Jesus was almost certainly a cannabis user and an early proponent of the medicinal properties of the drug, according to a study of scriptural texts published this month. The study suggests that Jesus and his disciples used the drug to carry out miraculous healings.
The anointing oil used by Jesus and his disciples contained an ingredient called kaneh-bosem which has since been identified as cannabis extract, according to an article by Chris Bennett in the drugs magazine, High Times, entitled Was Jesus a Stoner? The incense used by Jesus in ceremonies also contained a cannabis extract, suggests Mr Bennett, who quotes scholars to back his claims.
“There can be little doubt about a role for cannabis in Judaic religion,” Carl Ruck, professor of classical mythology at Boston University said.
Referring to the existence of cannabis in anointing oils used in ceremonies, he added: “Obviously the easy availability and long-established tradition of cannabis in early Judaism _ would inevitably have included it in the [Christian] mixtures.”
Mr Bennett suggests those anointed with the oils used by Jesus were “literally drenched in this potent mixture _ Although most modern people choose to smoke or eat pot, when its active ingredients are transferred into an oil-based carrier, it can also be absorbed through the skin”.
Quoting the New Testament, Mr Bennett argues that Jesus anointed his disciples with the oil and encouraged them to do the same with other followers. This could have been responsible for healing eye and skin diseases referred to in the Gospels.
“If cannabis was one of the main ingredients of the ancient anointing oil _ and receiving this oil is what made Jesus the Christ and his followers Christians, then persecuting those who use cannabis could be considered anti-Christ,” Mr Bennett concludes.
Last June, Chris Bennett addressed the issue of cannabis in the Bible. This month, he concludes his investigation with a more detailed examination of the cannabis-enriched anointing oil used by Jesus and his followers. “Christ” is the Greek translation of the Hebrew “Messiah.” In modern English, this termwould be translated as the “anointed one.” The title “Christ” was only placed upon he who had “God’s unction upon him.”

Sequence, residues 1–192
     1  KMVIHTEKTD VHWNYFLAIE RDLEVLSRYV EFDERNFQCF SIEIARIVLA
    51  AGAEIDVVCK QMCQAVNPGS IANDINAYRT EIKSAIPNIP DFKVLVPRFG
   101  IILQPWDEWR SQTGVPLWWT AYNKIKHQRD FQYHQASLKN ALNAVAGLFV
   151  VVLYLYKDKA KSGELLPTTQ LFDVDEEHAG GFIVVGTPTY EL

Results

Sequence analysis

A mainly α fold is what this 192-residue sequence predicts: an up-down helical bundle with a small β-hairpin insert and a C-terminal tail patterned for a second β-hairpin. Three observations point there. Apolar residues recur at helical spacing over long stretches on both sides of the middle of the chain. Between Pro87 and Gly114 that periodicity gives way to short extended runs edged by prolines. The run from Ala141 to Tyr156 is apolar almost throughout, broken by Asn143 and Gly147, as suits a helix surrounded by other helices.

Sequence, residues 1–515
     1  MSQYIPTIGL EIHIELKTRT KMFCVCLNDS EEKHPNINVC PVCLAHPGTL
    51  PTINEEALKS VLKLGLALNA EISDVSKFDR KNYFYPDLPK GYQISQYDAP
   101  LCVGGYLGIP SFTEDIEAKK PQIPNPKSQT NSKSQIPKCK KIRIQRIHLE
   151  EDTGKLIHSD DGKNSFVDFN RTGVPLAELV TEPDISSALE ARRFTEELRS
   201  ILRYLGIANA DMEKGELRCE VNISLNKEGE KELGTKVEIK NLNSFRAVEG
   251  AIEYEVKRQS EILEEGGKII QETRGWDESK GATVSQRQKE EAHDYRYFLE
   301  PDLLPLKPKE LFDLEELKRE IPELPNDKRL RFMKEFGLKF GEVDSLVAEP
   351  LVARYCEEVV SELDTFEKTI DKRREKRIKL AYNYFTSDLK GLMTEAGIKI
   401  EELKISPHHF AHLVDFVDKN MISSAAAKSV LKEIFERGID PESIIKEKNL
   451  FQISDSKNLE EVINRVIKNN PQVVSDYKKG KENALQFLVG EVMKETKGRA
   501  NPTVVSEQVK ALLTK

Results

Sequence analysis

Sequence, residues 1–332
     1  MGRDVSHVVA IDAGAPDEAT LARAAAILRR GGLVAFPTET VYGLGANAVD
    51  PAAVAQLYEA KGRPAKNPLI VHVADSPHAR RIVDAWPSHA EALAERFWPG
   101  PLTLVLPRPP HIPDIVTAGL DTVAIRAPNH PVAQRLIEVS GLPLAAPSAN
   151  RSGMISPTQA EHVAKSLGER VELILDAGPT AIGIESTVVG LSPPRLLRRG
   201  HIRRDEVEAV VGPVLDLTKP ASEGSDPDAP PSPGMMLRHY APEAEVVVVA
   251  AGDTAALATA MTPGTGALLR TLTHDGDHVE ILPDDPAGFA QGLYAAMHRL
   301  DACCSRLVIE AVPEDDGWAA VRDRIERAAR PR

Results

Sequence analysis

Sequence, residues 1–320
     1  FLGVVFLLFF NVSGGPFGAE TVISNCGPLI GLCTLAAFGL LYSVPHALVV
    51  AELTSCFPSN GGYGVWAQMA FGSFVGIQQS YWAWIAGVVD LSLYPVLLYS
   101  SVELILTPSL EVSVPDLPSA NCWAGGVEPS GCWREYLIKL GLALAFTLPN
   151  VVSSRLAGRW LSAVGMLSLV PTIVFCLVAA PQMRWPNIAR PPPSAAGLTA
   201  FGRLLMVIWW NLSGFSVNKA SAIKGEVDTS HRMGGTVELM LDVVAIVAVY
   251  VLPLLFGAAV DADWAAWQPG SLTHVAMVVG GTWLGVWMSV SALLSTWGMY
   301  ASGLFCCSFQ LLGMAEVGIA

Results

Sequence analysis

This holy anointing oil, as described in the original Hebrew version of the recipe in Exodus (30:22-23), contained over six pounds of kaneh-bosem, a substance identified by respected etymologists, linguists, anthropologists, botanists and other researchers as cannabis, extracted into about six quarts of olive oil, along with a variety of other fragrant herbs. The ancient anointed ones were literally drenched in this potent mixture.
Carl P. Ruck, the scholar who coined the term “entheogen,” is a professor of classical mythology at Boston University, and has researched the history of psychoactive substances in religion for over three decades, working with such luminaries as the father of LSD, Albert Hoffman; entheobotanist Richard Evans Schultes, and mycologist R. Gordon Wasson. On the subject of Old Testament cannabis use he explains:
“There can be little doubt about a role for cannabis in Judaic religion…. There is no way that so important a plant as a fiber source for textiles and nutritive oils and one so easy to grow would have gone unnoticed… the mere harvesting of it would have induced an entheogenic reaction.”
Ruck comments further on the continuation of this practice into the early Christian period: “Obviously the easy availability and long-established tradition of cannabis in early Judaism… would inevitably have included it in the [Christian] mixtures.”
Although most modern people choose to smoke or eat pot, when its active ingredients are transferred into an oil-based carrier, it can also be absorbed through the skin, which is in fact one big organ. In the Bible’s New Testament, Jesus baptized none of his disciples, as is practiced by the Catholic church, but instead anointed them with this potent entheogenic oil, sending out the 12 apostles to do the same. “And they cast out many devils, and anointed with oil many that were sick, and healed them” (Mark 6:13).
Likewise, after Jesus’ passing, James suggests that anyone of the Christian community who was sick should call to the elders to anoint him with oil in the name of Jesus (James 5:14).
It should be understood that in the ancient world, diseases such as epilepsy were attributed to demonic possession, and to cure somebody of such an illness, even with the aid of certain herbs, was the same as exorcism, or miraculously healing them. Interestingly, cannabis has been shown to be effective in the treatment of not only epilepsy, but many of the other ailments that Jesus and the disciples healed people of, such as skin diseases (Matthew 8, 10, 11; Mark 1; Luke 5, 7, 17), eye problems (John 9:6-15), and menstrual problems (Luke 8:43-48).
According to ancient Christian documents, even the healing of cripples could be attributed to the use of the holy oil. “Thou holy oil given unto us for sanctification… thou art the straightener of the crooked limbs” (The Acts of Thomas).
One ancient Christian text, The Acts of Peter and the Twelve Apostles, which is older than the New Testament, estimated to have been recorded in the second century AD, has Jesus giving the disciples an “unguent box” and a “pouch full of medicine” with instructions for them to go into the city and heal the sick. Jesus explains that you must heal “the bodies first” before you can “heal the heart.”
These findings shouldn’t really be all that surprising, as the medical use of cannabis during that time is supported by the archeological record, and the ailments described above had been treated with cannabis preparations throughout the area for many centuries prior to the Christian era.